It is this life that is offered in and through the Divine Liturgy. The Liturgy is the Mystery of God. It portrays, offers, and is the very experience of the Life of God. The Divine Liturgy is faithful to the radical command of Jesus to not just lay eyes on Him but eat and drink Him!! Because of this we hear:

“It is proper and right to sing to You, bless You, praise You, thank You and worship You in all places of Your dominion; for You are God ineffable, beyond comprehension, invisible, beyond understanding, existing forever and always the same; You and Your only begotten Son and Your Holy Spirit.”

“No one bound by worldly desires and pleasures is worthy to approach, draw near or minister to You, the King of glory. To serve You is great and awesome even for the heavenly powers. But because of Your ineffable and immeasurable love for us, You became man without alteration or change… Therefore, I implore You, look upon me, Your sinful and unworthy servant, and cleanse my soul and heart from evil consciousness…”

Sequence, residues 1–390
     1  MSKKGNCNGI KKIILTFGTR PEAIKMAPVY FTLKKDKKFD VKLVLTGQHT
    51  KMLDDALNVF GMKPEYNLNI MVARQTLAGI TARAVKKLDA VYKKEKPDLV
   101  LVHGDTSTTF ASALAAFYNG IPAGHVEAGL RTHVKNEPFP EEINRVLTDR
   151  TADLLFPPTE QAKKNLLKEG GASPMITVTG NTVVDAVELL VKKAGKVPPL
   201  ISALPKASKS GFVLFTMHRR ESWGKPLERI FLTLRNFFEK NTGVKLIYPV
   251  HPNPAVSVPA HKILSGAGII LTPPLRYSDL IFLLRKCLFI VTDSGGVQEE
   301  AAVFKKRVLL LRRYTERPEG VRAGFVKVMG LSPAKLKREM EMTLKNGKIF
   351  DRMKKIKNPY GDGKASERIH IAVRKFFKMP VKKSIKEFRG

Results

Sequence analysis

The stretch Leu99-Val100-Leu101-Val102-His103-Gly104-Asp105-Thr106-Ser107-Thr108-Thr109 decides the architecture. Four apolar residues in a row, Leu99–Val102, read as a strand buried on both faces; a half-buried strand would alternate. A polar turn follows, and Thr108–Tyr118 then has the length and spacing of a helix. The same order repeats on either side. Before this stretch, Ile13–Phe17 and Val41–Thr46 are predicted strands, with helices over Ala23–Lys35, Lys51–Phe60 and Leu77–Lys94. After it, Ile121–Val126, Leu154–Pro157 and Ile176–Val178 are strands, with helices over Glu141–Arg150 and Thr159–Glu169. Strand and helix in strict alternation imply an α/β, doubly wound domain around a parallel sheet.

In the fear of God and with faith draw near. Receive the Body of Christ; taste the fountain of immortality. Alleluia! Alleluia! Alleluia!

Saint Irenaeus of Lyons (c.130-c.208), Bishop, theologian and martyr, articulates the Mystery in this way:

“Whoever has seen me has seen the Father”